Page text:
Objective: To determine the accuracy of self-reported activity by community-dwelling, lower-limb amputees.
Design: Descriptive study.
Setting: A regional prosthetics outpatient service.
Participants: Seventy-seven unilateral lower-limb amputees at least 6 months after prosthetic rehabilitation.
Interventions: Not applicable.
Main outcome measures: Measured activity counts (in steps/min) and self-reported activity (rest, low, medium, high) in 15-minute intervals over 1 week were recorded for each participant.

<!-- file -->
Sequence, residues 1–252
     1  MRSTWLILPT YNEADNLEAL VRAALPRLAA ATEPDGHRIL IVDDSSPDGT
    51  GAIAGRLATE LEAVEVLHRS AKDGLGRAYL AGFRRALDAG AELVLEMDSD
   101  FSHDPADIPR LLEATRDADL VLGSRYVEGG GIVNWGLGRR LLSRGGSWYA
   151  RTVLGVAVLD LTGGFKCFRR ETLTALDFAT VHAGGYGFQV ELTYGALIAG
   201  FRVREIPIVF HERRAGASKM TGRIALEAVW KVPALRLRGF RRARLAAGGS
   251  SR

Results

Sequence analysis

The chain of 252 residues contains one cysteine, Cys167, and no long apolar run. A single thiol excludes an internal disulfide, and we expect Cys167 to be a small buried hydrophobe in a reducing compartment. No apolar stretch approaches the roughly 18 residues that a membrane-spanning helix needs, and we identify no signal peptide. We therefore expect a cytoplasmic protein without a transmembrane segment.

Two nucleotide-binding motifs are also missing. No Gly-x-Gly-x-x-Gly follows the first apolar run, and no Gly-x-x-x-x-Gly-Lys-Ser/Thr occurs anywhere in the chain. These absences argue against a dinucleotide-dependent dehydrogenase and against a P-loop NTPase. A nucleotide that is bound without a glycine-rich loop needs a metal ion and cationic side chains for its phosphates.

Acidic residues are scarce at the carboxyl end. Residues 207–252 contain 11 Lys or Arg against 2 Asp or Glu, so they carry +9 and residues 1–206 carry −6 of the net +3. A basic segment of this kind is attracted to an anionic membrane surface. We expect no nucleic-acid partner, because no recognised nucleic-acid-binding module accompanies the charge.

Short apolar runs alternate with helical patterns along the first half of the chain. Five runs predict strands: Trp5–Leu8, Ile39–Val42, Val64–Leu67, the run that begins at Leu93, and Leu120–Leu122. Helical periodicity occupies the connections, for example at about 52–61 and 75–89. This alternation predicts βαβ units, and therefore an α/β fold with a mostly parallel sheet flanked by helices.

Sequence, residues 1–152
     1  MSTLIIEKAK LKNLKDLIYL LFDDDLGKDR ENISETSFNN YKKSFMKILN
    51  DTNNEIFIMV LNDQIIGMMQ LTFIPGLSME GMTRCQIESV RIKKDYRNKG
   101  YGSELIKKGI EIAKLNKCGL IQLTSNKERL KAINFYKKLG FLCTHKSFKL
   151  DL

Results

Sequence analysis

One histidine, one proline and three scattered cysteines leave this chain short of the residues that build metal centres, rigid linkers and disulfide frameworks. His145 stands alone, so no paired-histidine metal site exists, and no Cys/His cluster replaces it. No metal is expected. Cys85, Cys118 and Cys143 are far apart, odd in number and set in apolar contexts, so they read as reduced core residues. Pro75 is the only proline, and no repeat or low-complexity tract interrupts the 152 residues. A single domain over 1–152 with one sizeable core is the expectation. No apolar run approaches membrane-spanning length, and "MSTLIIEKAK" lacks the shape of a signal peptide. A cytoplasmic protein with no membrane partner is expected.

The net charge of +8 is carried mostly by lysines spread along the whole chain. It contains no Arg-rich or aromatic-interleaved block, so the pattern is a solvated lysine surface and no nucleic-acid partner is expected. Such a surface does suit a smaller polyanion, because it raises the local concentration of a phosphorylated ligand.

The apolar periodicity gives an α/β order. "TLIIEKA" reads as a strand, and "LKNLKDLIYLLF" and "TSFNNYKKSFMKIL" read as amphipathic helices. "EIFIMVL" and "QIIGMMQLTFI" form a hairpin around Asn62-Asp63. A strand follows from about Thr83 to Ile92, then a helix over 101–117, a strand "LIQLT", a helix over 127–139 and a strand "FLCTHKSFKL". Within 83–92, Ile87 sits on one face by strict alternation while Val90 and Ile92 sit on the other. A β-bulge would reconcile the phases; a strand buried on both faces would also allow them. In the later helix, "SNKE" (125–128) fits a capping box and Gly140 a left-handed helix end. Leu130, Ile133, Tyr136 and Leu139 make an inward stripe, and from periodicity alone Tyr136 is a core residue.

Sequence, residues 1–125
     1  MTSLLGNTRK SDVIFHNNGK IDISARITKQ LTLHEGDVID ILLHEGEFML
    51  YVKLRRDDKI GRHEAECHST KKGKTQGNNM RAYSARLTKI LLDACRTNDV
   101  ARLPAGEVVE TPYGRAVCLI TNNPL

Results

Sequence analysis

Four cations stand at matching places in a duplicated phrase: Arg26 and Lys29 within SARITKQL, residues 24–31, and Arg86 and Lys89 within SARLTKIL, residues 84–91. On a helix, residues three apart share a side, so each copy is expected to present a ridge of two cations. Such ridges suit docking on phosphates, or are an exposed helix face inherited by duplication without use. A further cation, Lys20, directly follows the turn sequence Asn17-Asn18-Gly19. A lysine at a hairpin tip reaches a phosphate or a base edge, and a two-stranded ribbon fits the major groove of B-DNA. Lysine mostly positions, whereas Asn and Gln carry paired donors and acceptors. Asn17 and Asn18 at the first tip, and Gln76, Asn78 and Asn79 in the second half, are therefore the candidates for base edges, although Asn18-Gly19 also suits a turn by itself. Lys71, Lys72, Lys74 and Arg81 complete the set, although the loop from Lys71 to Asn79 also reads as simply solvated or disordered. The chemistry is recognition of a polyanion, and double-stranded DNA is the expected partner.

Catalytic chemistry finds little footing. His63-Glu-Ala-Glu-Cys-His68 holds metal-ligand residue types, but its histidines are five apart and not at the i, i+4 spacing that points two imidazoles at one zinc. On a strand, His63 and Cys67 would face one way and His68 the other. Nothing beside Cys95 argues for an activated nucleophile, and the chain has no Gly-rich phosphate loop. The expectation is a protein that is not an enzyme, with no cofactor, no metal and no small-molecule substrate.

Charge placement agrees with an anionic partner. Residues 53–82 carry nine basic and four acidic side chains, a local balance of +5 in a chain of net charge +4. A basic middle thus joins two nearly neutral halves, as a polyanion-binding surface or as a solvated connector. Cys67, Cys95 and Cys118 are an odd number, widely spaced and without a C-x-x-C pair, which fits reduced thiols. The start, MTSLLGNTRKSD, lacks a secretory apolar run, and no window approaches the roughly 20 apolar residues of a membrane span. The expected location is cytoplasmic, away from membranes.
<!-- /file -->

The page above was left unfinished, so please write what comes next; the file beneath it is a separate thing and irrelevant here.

Results: Participants averaged 3063+/-1893 steps per day. Strong agreement (gamma> or =0.7) between self-reported and measured activity was found for only 34% of participants between the hours of 9:00 am to 9:00 pm. The measured and self-reported proportion of time spent in various states of activity also showed poor agreement (rest, r=.41; low level activity, r=.39; medium level, r=.26; high level, r=.40). There was no bias toward either over- or under-reporting.
Conclusions: The majority of participants were unable to accurately self-report their activity levels (sleep excluded) as compared with measured activity levels. This may have important implications for prescribing appropriate prosthetics and for clinicians who provide patients with advice on promoting health.